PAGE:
• How Many Calories, Carbs, and Protein should you eat a day?

    Posted on August 13, 2013 by Elaine in Calorie Counter, Thoughts and Musings.

    English: Postprandial thermogenesis by type of...

    English: Postprandial thermogenesis by type of food. (Photo credit: Wikipedia)

    Many of us have counted calories to limit our food intake with the goals of attaining an ideal body figure.

    Nowadays, it is also quite common to also count grams of carbohydrates and grams of protein.

    There is a formula called the basal metabolic rate (BMR) with which you can calculate how many calories you should eat a day to maintain your current or to lose weight.

    Here is the formula (one for women, one for men):

    Women

    655 + (4.35 x your weight in pounds) + (4.7 x  your heigh in inches) – (4.7 X your age) = BMR

    Men

    66 + (6.23 x your weight in pounds) +(12.7 x your heigh in inches) – (6.76 x your age) = BMR

    When I calculate my BMR, it equals 1276.

    This means that my body will burn 1276 even if I do nothing all day.  This energy is sufficient for the functioning of my organs, muscles, etc.  This is the amount of calories I need to maintain my current weight.

    But being that I am an active individual, I have to multiply 1276 by 1.7, which equals 2,169.  This is the amount of calories I would need to intake each day to maintain my current body weight and my current muscle mass.

    Keep in mind this formula (Harris-Benedict equations) is a mathematical approximation.  It does not take into account each individual’s unique body composition and body and health history.  Illness, environmental temperatures, and stress levels can affect one’s level of energy expenditure and overall BMR.

    Carbohydrates/Sugars/Starches

    Carbohydrates/Sugars/Starches (Photo credit: sweetbeetandgreenbean)

    So how many calories should you eat a day?

    In the United States, the American Dietetic Association states that for men the average is 2700 calories and for women, it is 2200.  Keep in mind that the U.S. has the highest rate of obesity in the world!  In the United Kingdom, it is 2500 calories for men and 2000 for women.

    Remember, your body is different from your best friend’s body.  Work with a nutritionist to find out what your daily caloric needs are.  It varies depending on your level of physical activity as well as your health history.  Also, what are your health goals? Are you trying to lose 10 pounds or are you trying to bulk up and gain muscle mass?  What kinds of food are your kryptonite? These are the questions I ask my clients to help them determine their daily caloric intake.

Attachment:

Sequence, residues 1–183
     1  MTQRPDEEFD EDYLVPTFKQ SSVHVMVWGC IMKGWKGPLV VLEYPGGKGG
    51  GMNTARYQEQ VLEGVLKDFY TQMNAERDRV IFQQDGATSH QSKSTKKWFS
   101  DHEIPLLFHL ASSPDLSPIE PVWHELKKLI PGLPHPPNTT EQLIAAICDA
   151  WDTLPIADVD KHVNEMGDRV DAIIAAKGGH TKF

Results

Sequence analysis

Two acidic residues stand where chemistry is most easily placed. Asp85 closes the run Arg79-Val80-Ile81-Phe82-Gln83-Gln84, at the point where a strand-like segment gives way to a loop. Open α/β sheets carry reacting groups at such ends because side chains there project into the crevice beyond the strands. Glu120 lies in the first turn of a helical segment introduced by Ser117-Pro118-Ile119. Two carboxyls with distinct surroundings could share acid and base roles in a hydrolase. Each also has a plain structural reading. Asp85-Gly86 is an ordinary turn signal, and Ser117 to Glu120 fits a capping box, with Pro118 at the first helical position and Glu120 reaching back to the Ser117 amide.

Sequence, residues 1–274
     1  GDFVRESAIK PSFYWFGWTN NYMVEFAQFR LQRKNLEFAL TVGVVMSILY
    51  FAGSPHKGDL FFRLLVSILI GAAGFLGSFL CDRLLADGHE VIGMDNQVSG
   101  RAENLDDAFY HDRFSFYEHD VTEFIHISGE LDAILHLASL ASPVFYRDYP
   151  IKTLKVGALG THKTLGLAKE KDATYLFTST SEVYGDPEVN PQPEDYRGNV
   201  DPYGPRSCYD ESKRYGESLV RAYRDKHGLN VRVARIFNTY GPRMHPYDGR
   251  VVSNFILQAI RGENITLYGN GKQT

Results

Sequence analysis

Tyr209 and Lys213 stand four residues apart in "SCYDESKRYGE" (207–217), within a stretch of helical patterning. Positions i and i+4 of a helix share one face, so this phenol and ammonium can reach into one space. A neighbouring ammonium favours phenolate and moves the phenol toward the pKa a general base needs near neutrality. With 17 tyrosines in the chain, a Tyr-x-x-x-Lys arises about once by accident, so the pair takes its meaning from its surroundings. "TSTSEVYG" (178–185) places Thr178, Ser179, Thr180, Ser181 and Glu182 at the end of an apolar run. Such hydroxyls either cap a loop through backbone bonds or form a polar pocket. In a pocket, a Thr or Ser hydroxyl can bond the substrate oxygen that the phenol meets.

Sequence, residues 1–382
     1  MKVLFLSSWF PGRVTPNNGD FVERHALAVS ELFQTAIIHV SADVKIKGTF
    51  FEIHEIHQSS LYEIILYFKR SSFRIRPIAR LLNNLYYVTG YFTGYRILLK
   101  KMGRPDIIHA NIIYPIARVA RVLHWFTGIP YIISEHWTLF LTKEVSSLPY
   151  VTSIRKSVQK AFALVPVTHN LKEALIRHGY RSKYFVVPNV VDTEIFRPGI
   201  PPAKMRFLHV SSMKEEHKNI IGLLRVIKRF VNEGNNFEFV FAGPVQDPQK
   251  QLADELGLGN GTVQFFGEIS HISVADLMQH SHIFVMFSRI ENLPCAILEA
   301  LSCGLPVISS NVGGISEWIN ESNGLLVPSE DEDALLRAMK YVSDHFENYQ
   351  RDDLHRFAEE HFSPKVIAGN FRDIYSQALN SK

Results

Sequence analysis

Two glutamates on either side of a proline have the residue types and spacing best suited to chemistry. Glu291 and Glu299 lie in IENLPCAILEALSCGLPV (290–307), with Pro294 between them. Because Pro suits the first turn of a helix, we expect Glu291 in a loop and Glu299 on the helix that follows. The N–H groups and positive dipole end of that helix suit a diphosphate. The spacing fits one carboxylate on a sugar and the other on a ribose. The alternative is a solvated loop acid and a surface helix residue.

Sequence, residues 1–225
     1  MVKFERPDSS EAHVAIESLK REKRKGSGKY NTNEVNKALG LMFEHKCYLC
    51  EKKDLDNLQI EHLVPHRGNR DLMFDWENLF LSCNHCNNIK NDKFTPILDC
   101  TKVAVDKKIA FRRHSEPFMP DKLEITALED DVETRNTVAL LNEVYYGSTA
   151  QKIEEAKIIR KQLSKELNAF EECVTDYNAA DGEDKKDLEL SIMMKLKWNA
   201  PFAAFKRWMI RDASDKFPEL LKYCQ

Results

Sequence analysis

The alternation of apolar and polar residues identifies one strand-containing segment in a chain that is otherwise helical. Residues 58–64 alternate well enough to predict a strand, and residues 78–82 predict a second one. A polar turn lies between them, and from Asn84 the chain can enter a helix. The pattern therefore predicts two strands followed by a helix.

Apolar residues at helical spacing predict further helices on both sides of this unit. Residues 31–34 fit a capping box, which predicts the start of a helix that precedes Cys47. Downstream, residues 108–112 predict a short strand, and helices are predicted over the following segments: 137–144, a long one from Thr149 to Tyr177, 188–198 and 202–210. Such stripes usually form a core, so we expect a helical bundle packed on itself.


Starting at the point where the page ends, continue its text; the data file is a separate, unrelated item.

The same applies to the grams of carbs and protein requirements per day.

    If you are trying to build muscle or are body building, you will require way more protein than someone who is trying to just maintain the status quo.

    We all need carbohydrates.  I will say that low-carb diets aren’t the best.  They often cause ketosis in people because the body will burn fat instead of glucose for energy.  Studies have also shown that low-carb dieters are the most depressed.

    Keep in mind, carbs don’t always mean pasta, bread, cookies, cakes or rice.  Did you know that one medium stalk of broccoli has 8 grams of carbs?  And that one apple has 34 grams of carbs?  One banana has 30 grams of carbs!  Carbs are NOT bad for you!   There are GOOD carbs that are not refined or processed!  Carbohydrates are a necessity in healthy body function!

    Calorie counting is not recommended but rather eating a healthy diet is.  However, I understand that there are people who need a specific number to follow to help them attain their health goals.  And that’s OK!! What works for you may not work for someone else.  So for those clients who NEED that caloric number to get them to stick to a meal plan and a workout regiment, then I’m ALL for it and I work with them to get them that number.

    Do you need that number to get to your health goals?  Do you need to count calories, carbs, and protein?

    If you have any more questions feel free to email me at elaine@elainehealthcoach.com

    Happy eating!  :)

     

     

     

     

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